The Democratic victory you didn't hear about last week, as it was (rightly) overshadowed by the Senate's final move toward a landmark healthcare overhaul, came when Rep. John Spratt, the South Carolina Democrat who chairs the House Budget Committee, announced that he would seek re-election.
Spratt is one of 48 "McCain Democrats," so called because while they were winning their districts last year, so was GOP presidential nominee John McCain. (The number was 49 as recently as Tuesday, when freshman Rep. Parker Griffith of Alabama switched his affiliation to Republican.) Spratt's decision was particularly important because in recent weeks two other McCain Democrats—Tennessee Reps. Bart Gordon and John Tanner—had declared their intention to retire. Democratic Reps. Dennis Moore of Kansas and Brian Baird of Washington also had recently announced their retirements from highly competitive House seats. While seven other Democrats had already announced they would not run again, Gordon, Moore, Tanner, and Baird were among the first to vacate competitive seats, prompting speculation that they were the trickle before a retirement flood that could threaten the Democratic majority.
Republicans' magic number is 40—they would have to gain a net of 40 seats to wrest control of the House from Democrats. Such a gain would be the biggest by either party since the historic GOP sweep of 1994, when they picked up 54 seats.
You remember 1994. Voters were dissatisfied with a young Democratic president who had run as a centrist but governed as too much of a liberal. The electorate was worried about burgeoning deficits and soured on the president's sweeping attempt at healthcare reform. GOP victories in the off-year gubernatorial elections in Virginia and New Jersey were portents of things to come. Rush Limbaugh rallied conservatives on the airwaves, while Rahm Emanuel worked for the Democrats in the White House.
The parallels are striking, but don't get carried away (as some gleeful conservatives have): There are a number of important differences.
Where, for example, is this year's Newt Gingrich? In 1994, Gingrich was able to steer the good ship GOP to get maximum benefit from the political wave. The 2010 Republican Party seems to have no one at the tiller. That Republicans seem headed toward political gains has more to do with the tide than their course.
In part that's because the ship remains in a state of partial mutiny. Some would-be leaders, like former vice presidential nominee Sarah Palin, seem as interested in targeting the GOP establishment as the Democrats. The same is true of the tea party crew, whose disgust with establishment Republicans is eclipsed only by their loathing of Barack Obama and the Democrats. That voter anger may still power the GOP in November, but right now the Republicans' ability to harness it remains unclear.
And that is connected with another key difference from 1994: The GOP has a track record. People remember eight years of Bush, mostly with Republicans controlling the Congress as well. That's why the party had a 28 percent favorability rating with 43 percent unfavorable in a recent Wall Street Journal/NBC News poll. (Democrats fared marginally better, with 35 percent favorable and 45 percent not.)
Perhaps the biggest reason the 2010 political landscape differs from 1994 is the 1994 elections themselves. That election was a temblor that permanently changed the campaign culture in Washington. Right up until it crumbled, the Democratic majority seemed sturdy and enduring. With control of the House never an issue, the party-level stakes were not high. House members could (and often did) wait until the calendar flipped to an even-numbered year before focusing on their re-election. As former Rep. Martin Frost wrote in Politico recently, "because the Republican tide broke late in the 1994 election cycle, some Democrats never saw it coming."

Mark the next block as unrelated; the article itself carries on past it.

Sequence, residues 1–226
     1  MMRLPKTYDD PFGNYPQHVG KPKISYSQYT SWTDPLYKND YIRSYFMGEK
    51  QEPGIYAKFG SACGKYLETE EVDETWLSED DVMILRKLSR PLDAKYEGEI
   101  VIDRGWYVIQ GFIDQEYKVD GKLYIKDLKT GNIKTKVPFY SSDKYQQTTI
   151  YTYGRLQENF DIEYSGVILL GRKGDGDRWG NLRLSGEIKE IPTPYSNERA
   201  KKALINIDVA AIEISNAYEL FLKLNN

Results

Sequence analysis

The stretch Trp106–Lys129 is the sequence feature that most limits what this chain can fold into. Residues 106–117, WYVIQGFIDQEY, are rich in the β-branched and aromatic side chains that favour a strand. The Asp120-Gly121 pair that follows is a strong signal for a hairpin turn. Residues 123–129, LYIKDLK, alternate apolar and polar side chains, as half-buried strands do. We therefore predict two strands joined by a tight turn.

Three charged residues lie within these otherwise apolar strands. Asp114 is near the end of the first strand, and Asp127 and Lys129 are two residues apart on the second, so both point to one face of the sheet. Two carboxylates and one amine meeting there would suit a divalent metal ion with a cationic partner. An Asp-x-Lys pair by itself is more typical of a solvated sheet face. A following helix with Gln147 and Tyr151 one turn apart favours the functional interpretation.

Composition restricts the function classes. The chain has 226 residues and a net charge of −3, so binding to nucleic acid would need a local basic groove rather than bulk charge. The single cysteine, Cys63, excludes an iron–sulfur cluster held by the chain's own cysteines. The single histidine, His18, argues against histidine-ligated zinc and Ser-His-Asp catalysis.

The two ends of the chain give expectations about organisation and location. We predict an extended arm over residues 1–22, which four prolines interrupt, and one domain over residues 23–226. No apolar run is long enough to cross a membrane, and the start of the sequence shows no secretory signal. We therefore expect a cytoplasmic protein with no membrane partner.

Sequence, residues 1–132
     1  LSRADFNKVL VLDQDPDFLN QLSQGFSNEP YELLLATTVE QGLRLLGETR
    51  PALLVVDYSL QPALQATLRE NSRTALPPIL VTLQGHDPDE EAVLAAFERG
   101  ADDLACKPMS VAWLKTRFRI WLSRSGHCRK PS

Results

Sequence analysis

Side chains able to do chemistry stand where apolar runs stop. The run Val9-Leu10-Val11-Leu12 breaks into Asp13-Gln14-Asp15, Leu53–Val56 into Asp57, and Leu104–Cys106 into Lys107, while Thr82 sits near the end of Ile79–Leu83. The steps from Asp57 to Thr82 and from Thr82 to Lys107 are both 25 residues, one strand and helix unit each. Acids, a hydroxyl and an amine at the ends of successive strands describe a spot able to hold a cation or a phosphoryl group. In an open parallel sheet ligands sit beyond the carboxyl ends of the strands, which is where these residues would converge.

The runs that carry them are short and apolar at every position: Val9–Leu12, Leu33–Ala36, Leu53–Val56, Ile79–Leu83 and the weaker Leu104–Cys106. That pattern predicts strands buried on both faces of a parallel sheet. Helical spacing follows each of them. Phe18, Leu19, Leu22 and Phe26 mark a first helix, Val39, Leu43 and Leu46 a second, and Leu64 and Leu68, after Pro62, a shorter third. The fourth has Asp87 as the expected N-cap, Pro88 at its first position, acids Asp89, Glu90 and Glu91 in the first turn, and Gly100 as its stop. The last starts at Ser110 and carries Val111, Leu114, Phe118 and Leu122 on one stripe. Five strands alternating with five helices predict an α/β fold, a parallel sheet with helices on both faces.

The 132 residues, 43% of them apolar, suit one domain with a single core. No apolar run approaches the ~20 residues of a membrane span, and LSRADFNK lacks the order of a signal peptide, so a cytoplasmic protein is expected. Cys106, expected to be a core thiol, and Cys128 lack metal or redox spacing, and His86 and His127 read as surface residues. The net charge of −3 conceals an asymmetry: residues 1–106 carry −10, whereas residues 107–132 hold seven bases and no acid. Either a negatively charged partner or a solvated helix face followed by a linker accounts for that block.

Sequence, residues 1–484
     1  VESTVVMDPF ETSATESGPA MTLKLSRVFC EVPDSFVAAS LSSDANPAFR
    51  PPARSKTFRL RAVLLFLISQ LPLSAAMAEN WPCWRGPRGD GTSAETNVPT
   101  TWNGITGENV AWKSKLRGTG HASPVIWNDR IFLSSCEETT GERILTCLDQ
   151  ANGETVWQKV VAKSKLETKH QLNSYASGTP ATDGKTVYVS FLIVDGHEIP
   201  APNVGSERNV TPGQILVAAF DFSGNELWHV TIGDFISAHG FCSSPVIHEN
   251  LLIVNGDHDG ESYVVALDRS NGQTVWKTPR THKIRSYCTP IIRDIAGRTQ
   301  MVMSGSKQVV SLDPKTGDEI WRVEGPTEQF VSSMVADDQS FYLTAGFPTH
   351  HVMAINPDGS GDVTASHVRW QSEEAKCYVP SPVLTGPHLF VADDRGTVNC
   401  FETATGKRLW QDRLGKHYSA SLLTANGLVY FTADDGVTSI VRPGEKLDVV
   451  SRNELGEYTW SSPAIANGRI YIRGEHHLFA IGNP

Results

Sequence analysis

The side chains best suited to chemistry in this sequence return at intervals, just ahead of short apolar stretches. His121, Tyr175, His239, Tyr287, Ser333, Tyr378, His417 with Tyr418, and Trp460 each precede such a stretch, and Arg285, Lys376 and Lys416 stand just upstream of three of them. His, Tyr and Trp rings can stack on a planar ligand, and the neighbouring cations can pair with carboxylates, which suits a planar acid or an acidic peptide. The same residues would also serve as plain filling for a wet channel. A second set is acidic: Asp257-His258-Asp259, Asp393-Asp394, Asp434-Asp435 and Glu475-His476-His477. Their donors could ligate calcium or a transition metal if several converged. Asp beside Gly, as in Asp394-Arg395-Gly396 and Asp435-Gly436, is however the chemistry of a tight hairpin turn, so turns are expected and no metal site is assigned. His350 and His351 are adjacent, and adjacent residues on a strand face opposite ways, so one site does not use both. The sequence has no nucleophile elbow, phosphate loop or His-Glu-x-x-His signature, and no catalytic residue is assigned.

But 1994 changed that. Each election since has been a pitched battle, with the speaker's gavel as the prize. Both parties work hard to ensure that they won't be taken by surprise and that their potentially vulnerable members are in the best position to run for re-election. "They make it a science now," Democratic pollster Brad Bannon says. "It's much more structured and much more institutionalized than it used to be, especially since '94."
The parties start helping new members with their re-election within days of their arrival in Washington. Each side has specialized incumbent protection programs—the Democrats' is called Frontline and the Republicans' the Patriot Program. In short, picking off incumbents is harder than ever.
The parties are now in the R&R period of the political season—recruiting and retention. The 2010 elections are likely to turn on the outcomes of policies that are already set: healthcare, Afghanistan, and, most important, the economy. But the extent to which each side will be able to ride or resist a wave generated by one of these issues will be decided by how well Democrats and Republicans position themselves now in terms of the candidates they run and the competitive open seats they must defend. Which brings us back to Gordon, Moore, Tanner, and Baird.
The critical question for Democrats is to what extent other swing district members will join them in retirement. The over-under, according to veteran political observers like Charlie Cook, is 15. If competitive Democratic retirements swell past that number, we could see a different ballgame than in 1994 but the same final score.